Stocks steady as China trade worries flare; protests rekindling virus fears

Stocks shook off a wobbly start on Wall Street and closed higher Monday, adding to the market's recent run of solid gains.

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The S&P 500 climbed 0.4% after wavering between small gains and losses in the early going. Banks, companies that depend on consumer spending and communications companies accounted for a big slice of the gains. Health care was the only sector to fall. Bond yields were mostly higher, another sign of optimism among traders. Oil prices fell.

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Investors are balancing cautious optimism about the reopening of businesses shut down because of the coronavirus pandemic against worries that the civil unrest across the U.S. over police brutality and racism could disrupt the economic recovery and widen the outbreak.

The daily protests, which began last week in Minneapolis and have since turned violent in multiple cities, are not weighing on the stock market, at least so far.

“The market has been expecting a springtime for economic activity,” said Mike Zigmont, head of trading and research at Harvest Volatility Management. “If these events derail the animal spirits that the markets have been counting on across the country, then I think they will have an impact. But investors are dismissing it as a short-term, non-event.”

The S&P 500 rose 11.42 points to 3,055.73. The Dow Jones Industrial Average gained 91.91 points, or 0.4%, to 25,475.02. The Nasdaq composite climbed 62.18 points, or 0.7%, to 9,552.05. Smaller company stocks had some of the biggest gains. The Russell 2000 index picked up 11.34 points, or 0.8%, to 1,405.37.

The stock market is coming off its second month of solid gains. Stocks have now recouped most of their losses after the initial economic fallout from the coronavirus knocked the market into a breathtaking 34% skid in February and March. The S&P 500 is now down just under 10% from its all-time high in February.

The Federal Reserve and Congress have pledged unprecedented amounts of aid for the economy. That helped spur the market's move higher from its March lows. Now investors are betting that the worst of the recession has already passed, or will soon, as governments around the country and around the world slowly lift restrictions meant to corral the outbreak.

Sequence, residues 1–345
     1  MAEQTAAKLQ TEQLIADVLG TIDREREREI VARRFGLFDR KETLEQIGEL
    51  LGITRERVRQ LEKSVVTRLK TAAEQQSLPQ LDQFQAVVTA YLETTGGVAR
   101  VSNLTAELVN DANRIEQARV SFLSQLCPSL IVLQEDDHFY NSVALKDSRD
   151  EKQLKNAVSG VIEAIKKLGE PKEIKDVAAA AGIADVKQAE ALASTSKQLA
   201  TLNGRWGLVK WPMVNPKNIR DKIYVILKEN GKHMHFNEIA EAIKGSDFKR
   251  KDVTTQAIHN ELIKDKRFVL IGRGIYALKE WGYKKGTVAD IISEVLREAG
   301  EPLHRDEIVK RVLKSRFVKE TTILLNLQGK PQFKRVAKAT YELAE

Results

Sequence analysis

“I think we are through the worst of it for sure, and the markets reflect that in the bounce we’ve seen,” said David Trainer, CEO of investment research firm New Constructs.

This week will provide market watchers more insight on the impact that the coronavirus is having on U.S. workers and employers. Payroll processor ADP issues its May survey of hiring by private U.S. companies Wednesday. The next day, the government releases its weekly tally of applications for unemployment aid. And on Friday, the government reports its May labor market data. Analysts surveyed by FactSet expect the report will show the economy lost 9 million jobs last month.

The yield on the 10-year Treasury rose to 0.66% from 0.64% late Friday.

Oil prices ended lower. Benchmark U.S. crude oil for July delivery fell 5 cents to settle at $35.44 a barrel Monday. Brent crude oil for August delivery rose 48 cents to $38.32 a barrel.

European indexes closed broadly higher. Asian markets also finished higher, including a gain of more than 3% for Hong Kong’s stock market.